COVID-19 Resource Center

COVID-19 Resource Center

Disclosures: Healio could not confirm relevant financial disclosures for Hayden or Pirofski at the time of publication.
April 24, 2020
2 min read

Many unknowns remain about protective role of COVID-19 antibodies

Disclosures: Healio could not confirm relevant financial disclosures for Hayden or Pirofski at the time of publication.
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It is not yet clear whether COVID-19 antibodies are protective against reinfection, according to a briefing on antibody testing held by the Infectious Disease Society of America in which physicians also noted that antibodies are not “a license” to halt mitigation efforts that have been put into place in many states.

In acknowledging the keen interest in antibody tests among health care providers and the public, IDSA conducted an informal narrative review of available literature on antibody responses in COVID-19 infection.

Mary K. Hayden, MD, FIDSA, IDSA spokesperson and professor of internal medicine and pathology at Rush University Medical Center, explained that antibody tests are performed using the blood of a patient with confirmed COVID-19 infection to detect antibodies that the immune system produce in response to the infection.

“Most patients who develop and recover from COVID-19 infection will develop antibodies or will have detectable antibodies in their blood approximately 10 to 14 days after the onset of their illness,” Hayden explained. “The hope for antibodies has been that the detection of them in the blood represents protection for reinfection. That's really the million-dollar question.”

Hayden continued by noting that “we do not know” if patients with these antibodies are still at risk for reinfection.

According to Hayden, even if the antibodies are protective, the degree of protection is unknown and could wane over time. As a result, it should generally be assumed that people with antibodies could be at risk for reinfection and should not change their behavior in any way in regard to social distancing and other actions.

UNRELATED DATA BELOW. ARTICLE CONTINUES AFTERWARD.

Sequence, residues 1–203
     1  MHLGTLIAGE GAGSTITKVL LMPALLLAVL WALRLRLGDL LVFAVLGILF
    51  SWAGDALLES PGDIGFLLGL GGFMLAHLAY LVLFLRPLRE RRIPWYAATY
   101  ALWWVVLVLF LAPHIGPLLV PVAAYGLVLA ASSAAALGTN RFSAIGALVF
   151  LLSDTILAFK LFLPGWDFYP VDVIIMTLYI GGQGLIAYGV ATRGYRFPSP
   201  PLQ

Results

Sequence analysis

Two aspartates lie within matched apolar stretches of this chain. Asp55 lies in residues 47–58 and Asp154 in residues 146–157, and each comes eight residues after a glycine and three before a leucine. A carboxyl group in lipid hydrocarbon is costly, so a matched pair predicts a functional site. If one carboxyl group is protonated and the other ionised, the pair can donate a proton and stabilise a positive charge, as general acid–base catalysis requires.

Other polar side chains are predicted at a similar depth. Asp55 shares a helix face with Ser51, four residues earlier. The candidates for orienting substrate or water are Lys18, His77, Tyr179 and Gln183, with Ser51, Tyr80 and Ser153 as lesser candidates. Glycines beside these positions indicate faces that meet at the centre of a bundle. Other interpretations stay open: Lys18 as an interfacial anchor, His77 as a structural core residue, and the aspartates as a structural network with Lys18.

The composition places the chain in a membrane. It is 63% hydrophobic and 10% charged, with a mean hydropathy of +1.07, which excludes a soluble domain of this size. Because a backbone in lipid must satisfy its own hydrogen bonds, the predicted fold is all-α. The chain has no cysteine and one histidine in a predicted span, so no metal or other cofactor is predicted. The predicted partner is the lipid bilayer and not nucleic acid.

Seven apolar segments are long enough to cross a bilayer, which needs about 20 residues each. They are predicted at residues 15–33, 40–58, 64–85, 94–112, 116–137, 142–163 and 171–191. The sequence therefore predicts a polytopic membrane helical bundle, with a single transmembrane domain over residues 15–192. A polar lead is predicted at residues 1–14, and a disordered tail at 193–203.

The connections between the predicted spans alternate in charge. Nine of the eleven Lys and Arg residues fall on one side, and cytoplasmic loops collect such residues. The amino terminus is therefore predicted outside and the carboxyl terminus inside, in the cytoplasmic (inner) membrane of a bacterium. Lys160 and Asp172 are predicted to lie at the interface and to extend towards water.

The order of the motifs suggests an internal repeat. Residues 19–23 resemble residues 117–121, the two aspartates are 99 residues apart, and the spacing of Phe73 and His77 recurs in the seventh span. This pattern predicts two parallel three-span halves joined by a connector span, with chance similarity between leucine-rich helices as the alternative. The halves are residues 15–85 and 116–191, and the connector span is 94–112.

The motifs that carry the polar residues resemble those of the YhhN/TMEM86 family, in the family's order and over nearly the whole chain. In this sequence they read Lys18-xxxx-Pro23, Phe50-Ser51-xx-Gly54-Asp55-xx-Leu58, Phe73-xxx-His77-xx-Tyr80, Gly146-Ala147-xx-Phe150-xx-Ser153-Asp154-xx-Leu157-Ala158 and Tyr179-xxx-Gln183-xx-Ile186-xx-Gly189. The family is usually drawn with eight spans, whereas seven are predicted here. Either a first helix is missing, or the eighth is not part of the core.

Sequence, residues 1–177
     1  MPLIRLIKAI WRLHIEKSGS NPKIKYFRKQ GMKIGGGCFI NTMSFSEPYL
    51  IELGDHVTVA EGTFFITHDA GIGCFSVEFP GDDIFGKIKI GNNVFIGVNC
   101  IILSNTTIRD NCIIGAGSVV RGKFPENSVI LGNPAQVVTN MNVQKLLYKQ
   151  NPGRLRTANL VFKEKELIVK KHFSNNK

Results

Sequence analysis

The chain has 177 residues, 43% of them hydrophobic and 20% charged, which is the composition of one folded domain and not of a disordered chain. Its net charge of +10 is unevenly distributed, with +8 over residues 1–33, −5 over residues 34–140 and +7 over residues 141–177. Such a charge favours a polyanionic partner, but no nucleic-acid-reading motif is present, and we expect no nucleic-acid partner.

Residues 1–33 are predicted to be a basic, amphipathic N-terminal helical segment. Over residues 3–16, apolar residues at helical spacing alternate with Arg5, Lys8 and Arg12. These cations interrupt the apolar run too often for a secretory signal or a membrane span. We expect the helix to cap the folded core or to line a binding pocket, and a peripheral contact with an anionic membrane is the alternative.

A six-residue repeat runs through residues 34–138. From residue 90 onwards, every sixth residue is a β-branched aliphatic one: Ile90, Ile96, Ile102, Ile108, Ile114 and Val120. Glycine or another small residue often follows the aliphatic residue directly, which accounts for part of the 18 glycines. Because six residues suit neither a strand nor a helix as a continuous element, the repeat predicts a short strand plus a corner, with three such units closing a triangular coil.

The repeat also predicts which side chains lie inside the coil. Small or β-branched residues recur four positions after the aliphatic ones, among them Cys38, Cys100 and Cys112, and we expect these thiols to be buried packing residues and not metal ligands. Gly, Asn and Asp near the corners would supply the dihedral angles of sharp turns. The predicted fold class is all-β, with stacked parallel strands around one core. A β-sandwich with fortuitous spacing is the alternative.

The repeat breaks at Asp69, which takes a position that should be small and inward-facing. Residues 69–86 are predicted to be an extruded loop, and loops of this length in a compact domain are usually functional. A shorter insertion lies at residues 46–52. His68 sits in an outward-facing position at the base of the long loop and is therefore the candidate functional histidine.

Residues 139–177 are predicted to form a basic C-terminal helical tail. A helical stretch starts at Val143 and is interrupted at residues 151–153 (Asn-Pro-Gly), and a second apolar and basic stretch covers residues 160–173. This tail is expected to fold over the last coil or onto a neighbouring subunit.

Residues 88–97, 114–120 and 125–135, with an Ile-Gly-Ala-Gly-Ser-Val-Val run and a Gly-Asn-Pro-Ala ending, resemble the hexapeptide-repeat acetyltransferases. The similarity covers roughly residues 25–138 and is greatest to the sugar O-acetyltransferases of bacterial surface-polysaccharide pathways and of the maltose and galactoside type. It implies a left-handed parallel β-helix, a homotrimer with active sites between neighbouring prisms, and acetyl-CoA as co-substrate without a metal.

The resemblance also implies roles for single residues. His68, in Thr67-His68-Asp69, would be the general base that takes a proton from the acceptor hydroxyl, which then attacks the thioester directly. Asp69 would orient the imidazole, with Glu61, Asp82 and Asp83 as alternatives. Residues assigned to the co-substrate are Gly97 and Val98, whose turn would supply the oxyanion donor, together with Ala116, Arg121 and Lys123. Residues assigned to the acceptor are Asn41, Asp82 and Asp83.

Liise-anne Pirofski, MD, FIDSA, IDSA spokesperson and Selma and Dr. Jacques Mitrani Chair in Biomedical Research and chief of the division of infectious diseases at Albert Einstein College of Medicine, concurred.

“Having antibodies is not a license to stop the mitigation guidelines and rules that are in effect in many states,” she said. “Having any antibody is not a license today, on April 24, to break with that policy.”

While antibodies will not enable the relaxation of mitigation policies, Hayden explained that antibodies and subsequent testing will be useful in determining the scope of COVID-19.

“Antibody testing is very important,” she said. “The first uses, once we’ve determined that the antibodies are accurate, will be for broad epidemiologic surveillance to understand what fraction of the population has been infected, which will give us better information about the proportion of asymptomatic patients or persons with COVID-19.”


She added that this information will help guide mortality estimates and inform projections about the trajectory of the virus over time as well as vaccine development, which will require antibody tests.

“What we are confronting here is a huge unknown. We absolutely do not know how many people have seen this virus and the problem is different in different places,” Pirofski added. “That is really the main point that I would like to make, other than to point out that the overarching concept of using antibodies is extremely important. This is a tried and true method for determining the prevalence of an infectious disease in a community.”– by Caitlyn Stulpin

Disclosures: Healio could not confirm relevant financial disclosures for Hayden or Pirofski at the time of publication.